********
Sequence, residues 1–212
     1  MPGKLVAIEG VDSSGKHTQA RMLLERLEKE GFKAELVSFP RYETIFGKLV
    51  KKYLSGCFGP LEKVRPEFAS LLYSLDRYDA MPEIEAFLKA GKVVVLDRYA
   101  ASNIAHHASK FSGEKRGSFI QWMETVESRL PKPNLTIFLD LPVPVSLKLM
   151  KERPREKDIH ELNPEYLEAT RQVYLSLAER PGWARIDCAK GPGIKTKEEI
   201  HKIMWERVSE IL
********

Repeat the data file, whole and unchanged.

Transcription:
Sequence, residues 1–212
     1  MPGKLVAIEG VDSSGKHTQA RMLLERLEKE GFKAELVSFP RYETIFGKLV
    51  KKYLSGCFGP LEKVRPEFAS LLYSLDRYDA MPEIEAFLKA GKVVVLDRYA
   101  ASNIAHHASK FSGEKRGSFI QWMETVESRL PKPNLTIFLD LPVPVSLKLM
   151  KERPREKDIH ELNPEYLEAT RQVYLSLAER PGWARIDCAK GPGIKTKEEI
   201  HKIMWERVSE IL